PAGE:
Fear & loathing in Florida Restrooms: Firsthand Experience Traveling to the Sunshine State

kate bornsteinDeja Nicole Greenlaw
deja nicole greenlaw

Deja Nicole Greenlaw

By: Deja Nicole Greenlaw*/TRT Columnist—

I recently took a drive down to Florida to meet up with friends and to get relief from the seemingly never-ending New England winter. On the way down, I stopped at various public restrooms as needed. When I reached the Florida Welcome Center off I-95, I decided to use the restroom there.

There is currently a bill in the Florida Legislature which, if passed in its current form, would allow for transgender people to be charged with a crime for using the “wrong bathroom.” What the bill means by “wrong bathroom” is that it would require a person to use the restroom for whatever gender you were assigned at birth. You must not use the other gender’s restroom. For instance, I was assigned male at birth, so for me to use the women’s room would mean that I would be using the “wrong bathroom.” For a transgender man, his “wrong bathroom” for him to use would be the men’s room.

The bills states that if I used the “wrong bathroom,” then I could be charged with a crime and be arrested and sentenced up to a year in jail. On top of this, the person who “turns me in” would get a finder’s fee of $2,000. That means there would be a $2,000 bounty on me. It is so ridiculous that I cannot believe someone actually thought this up and presented it as a bill.

With the knowledge of this bill in the back of my mind, I knew that I would have to use a Florida public restroom many times during my stay in Florida. This was the first public restroom that I came across and I needed to go, so off I went to the women’s room. I had just sat down on the toilet seat when I heard the outside door open and a male voice saying something inaudible but it ended with “in the bathroom.” I wasn’t sure why he opened the door and what he said, so I decided to keep silent.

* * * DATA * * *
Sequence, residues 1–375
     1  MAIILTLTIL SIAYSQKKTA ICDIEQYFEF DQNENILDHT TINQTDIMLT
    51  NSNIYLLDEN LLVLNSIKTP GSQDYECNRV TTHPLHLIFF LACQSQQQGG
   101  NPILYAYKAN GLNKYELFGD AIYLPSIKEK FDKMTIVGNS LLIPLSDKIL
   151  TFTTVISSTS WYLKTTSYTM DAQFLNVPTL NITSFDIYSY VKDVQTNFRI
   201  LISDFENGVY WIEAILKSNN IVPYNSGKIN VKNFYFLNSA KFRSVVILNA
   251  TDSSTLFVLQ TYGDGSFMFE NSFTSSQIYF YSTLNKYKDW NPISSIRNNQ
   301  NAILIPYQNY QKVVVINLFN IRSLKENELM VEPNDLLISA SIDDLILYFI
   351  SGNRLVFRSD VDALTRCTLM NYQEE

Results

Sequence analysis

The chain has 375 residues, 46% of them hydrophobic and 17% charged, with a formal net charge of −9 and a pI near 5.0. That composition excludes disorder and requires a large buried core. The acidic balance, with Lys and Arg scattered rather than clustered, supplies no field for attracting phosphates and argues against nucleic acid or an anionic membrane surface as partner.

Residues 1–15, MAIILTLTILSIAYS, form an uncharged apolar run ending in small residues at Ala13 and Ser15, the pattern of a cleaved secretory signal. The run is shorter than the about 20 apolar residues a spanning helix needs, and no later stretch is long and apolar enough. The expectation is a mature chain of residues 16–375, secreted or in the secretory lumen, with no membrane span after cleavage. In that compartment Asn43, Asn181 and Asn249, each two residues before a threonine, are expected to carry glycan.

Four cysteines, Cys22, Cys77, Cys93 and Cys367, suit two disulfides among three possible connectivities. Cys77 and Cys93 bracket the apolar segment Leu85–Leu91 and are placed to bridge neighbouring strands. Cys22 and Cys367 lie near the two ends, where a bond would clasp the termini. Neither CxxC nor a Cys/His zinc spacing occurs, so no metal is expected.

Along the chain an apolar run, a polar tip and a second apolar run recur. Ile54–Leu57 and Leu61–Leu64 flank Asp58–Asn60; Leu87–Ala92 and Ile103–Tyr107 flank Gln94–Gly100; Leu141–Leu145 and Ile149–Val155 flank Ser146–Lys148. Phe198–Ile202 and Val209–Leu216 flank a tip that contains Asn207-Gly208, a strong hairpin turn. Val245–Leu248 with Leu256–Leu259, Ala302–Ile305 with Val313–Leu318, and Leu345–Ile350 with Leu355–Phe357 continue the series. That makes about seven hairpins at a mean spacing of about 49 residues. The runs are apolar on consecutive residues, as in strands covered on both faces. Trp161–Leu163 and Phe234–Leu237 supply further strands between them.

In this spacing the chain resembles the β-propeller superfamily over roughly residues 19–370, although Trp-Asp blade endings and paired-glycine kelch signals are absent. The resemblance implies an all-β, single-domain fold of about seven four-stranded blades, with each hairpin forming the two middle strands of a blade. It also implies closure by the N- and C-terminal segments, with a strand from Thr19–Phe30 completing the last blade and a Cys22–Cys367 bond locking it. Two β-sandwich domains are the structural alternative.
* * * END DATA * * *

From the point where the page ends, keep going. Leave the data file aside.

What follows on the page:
My first thought was that this person identified me as a transgender woman and wanted me out of the women’s room. Then I heard the door open, and he came in the women’s room and said “Is there anyone in the bathroom?” He was standing right in front of my stall and I responded with a “Hello.” His voice sounded embarrassed as he said “I’m sorry,” and I could hear him walk away. On his way out he said, “I did ask if anyone was in here and you didn’t say anything.” Again, I wasn’t sure what he wanted and why he came into the women’s room, so again I kept silent.

I finished up, washed and dried my hands, and exited. As I opened the door the man was there waiting for me about 10 feet away. He asked if I was the last one in the bathroom because he needed to clean it. I nodded and said that I was. He then apologized again for walking in on me in the bathroom and I told him that it was okay. Then he wished me a good day. I thanked him and wished him one too. As I walked away, he then said, “Welcome to Florida” with a slight chuckle in his voice. I think he thought this was my first trip to Florida, and the first time I went to use the restroom a man walked in on me. What a way to start a vacation! [pullquote]This man could have taken issue with me for using the “wrong bathroom.” You never know who you are dealing with and what they think of such issues.[/pullquote]

My story ended up being a funny one, but it could have been a nightmare. This man could have taken issue with me for using the “wrong bathroom.” You never know who you are dealing with and what they think of such issues. It was awful that I had to go through this tense moment while I was using the bathroom. I shouldn’t have had to even think about a possible confrontation, but when you are a transgender person you are constantly aware of these things.

I recently found out that the bill was modified to allow transgender people with proper documentation of their gender change to use the restroom. For example, a female designation on the gender marker on my license would legally allow me to use the women’s room. This bill, however, would put transgender people at risk who have not changed their gender marker on some form of documentation. Does this mean that, if this bill passed, I would need to show my ID every time I used a public restroom? That is utterly ridiculous.

The proposed identification check could lead to various complications. How can you ask for my ID and not ask everyone else for their ID? What would the ID checkers do about identifying a child’s gender? I can envision lawsuits. This bill would be an unworkable law which could cost the state of Florida lots of money.

In case you didn’t know, transgender people have been using bathrooms for years and years and to my knowledge, there have been no problems. My advice to the state of Florida is to just let things be. It would be a lot less trouble for them.*

Deja Nicole Greenlaw is retired from 3M. She has three grown children and two grandchildren.

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